Shortly after we arrived in North Carolina Friday evening, we experienced a southern style thunder-and-lightning storm. There were lightning fireworks and torrential rain on our drive to my sister’s home followed by thunder that seemed to shake the house. I remember these afternoon storms from my childhood but I’m told that lately they have mostly been replaced by drought. I knew the storm wouldn’t last until morning when we had plans to hit the Carrboro Farmers Market before heading to the beach on Sunday morning. Even though there are plenty of produce stands along the coast, this had been a tradition of mine from when I lived in Chapel Hill and I was anxious to check out the local scene.
It didn’t take long for me to spot my personal favorite tomato, the German Johnson, along with many other heirloom varieties — they’re everything I’ve been longing for in a tomato.
All the crops that love heat and nutrient-rich clay soil were there in abundance.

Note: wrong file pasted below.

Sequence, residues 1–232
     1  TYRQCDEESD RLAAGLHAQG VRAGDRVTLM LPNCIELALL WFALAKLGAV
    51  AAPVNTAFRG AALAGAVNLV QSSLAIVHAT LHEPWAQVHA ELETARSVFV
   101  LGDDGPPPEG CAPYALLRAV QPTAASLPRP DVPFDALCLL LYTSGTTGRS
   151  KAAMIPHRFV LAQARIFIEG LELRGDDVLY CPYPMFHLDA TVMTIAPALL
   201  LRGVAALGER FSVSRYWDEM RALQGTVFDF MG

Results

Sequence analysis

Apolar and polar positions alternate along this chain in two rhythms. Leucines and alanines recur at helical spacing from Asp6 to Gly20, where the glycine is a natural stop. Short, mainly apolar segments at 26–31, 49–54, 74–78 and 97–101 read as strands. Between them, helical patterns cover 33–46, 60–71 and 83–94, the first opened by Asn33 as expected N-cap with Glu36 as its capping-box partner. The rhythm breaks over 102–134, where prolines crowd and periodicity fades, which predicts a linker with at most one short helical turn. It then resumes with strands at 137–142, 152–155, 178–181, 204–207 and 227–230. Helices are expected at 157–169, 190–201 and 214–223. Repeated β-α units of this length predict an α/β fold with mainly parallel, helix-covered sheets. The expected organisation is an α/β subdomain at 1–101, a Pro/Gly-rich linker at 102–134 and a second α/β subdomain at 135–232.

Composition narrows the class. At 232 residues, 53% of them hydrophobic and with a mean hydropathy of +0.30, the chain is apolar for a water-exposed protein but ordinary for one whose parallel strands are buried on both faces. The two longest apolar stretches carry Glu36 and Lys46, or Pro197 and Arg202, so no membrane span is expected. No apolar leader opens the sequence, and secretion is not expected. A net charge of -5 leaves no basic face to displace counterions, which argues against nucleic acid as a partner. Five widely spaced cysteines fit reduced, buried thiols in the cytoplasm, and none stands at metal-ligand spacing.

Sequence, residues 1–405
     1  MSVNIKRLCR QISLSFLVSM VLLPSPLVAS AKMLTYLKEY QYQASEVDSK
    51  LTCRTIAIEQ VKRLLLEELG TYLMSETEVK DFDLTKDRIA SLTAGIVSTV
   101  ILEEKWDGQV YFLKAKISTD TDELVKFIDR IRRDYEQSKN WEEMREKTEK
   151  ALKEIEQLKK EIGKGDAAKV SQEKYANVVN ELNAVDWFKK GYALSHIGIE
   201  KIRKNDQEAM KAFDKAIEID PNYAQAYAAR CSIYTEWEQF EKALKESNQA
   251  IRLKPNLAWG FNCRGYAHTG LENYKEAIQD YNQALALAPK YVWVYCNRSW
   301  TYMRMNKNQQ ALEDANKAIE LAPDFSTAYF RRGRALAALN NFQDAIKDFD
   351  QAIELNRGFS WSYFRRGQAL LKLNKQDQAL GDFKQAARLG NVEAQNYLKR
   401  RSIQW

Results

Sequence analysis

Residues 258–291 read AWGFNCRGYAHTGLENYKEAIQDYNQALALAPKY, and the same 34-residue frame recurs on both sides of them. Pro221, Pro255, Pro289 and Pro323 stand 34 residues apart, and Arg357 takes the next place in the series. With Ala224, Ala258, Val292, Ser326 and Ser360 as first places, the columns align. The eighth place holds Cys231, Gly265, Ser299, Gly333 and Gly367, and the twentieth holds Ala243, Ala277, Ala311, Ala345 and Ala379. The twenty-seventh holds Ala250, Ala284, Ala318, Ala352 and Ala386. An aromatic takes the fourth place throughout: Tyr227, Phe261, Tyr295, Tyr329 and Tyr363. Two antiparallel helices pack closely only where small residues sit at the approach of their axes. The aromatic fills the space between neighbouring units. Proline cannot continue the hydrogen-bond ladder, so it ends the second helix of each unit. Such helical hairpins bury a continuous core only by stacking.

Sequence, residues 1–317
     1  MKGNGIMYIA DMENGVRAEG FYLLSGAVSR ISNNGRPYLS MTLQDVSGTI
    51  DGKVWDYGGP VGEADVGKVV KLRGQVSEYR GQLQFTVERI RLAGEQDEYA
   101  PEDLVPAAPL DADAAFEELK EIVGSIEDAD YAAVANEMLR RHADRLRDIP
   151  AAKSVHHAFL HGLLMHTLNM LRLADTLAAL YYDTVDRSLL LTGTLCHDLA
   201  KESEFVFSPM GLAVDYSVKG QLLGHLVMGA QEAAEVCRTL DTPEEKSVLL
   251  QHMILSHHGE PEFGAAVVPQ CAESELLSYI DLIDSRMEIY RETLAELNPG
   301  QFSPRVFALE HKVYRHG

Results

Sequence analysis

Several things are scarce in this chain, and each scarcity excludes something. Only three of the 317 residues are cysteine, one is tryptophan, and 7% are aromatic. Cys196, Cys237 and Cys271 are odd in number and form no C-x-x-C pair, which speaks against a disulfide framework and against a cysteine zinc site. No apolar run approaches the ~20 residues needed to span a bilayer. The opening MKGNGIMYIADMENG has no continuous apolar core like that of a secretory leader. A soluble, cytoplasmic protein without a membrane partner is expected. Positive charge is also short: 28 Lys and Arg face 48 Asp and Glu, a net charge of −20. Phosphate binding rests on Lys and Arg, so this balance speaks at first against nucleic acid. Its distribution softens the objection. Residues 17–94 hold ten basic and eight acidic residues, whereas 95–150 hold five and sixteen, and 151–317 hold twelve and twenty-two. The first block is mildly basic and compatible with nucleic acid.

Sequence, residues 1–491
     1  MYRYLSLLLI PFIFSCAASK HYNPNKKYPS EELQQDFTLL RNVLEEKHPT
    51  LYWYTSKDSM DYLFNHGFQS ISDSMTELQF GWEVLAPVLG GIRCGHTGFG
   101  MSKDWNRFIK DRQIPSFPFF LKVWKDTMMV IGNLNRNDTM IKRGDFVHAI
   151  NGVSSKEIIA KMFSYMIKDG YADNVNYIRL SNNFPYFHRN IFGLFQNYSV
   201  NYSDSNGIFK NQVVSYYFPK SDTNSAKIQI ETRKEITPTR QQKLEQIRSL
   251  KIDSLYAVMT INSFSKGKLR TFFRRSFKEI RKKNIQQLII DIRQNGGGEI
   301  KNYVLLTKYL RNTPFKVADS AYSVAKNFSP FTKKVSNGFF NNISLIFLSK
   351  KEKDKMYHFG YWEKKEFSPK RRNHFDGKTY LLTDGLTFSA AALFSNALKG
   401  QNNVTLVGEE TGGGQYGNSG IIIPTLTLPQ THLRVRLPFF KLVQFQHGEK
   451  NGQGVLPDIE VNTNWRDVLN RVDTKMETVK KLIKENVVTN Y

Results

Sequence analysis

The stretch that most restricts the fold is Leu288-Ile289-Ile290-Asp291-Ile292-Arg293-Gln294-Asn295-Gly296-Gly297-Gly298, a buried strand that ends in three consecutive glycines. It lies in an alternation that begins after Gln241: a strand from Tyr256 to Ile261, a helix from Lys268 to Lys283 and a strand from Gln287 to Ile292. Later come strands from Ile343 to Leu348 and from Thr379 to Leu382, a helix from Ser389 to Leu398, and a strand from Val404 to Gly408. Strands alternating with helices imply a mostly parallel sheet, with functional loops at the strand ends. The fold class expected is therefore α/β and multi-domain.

Peppers, eggplant, huge unbelievably sweet blackberries, melons of all kinds and peaches, the kind that practically melt in your mouth.
Unlike our Farmers Markets, there are plenty of old-timers and country folks. Crafts that are traditional in this part of the country such as pottery, hand-milled wood furniture, quilts and hand-woven rugs were also part of the mix.
At the Carrboro Farmers Market, “all items sold are produced by the person selling it and within a 50-mile radius of the market”. They require their members “to sell their own products so customers can ask them directly about how the crop is grown or an item is made”.
After stocking up on all we thought we could fit into the car, I was happy to see that this local market had grown and was such a focus for the community after almost 30 years of providing an outlet for local farmers and craftspeople.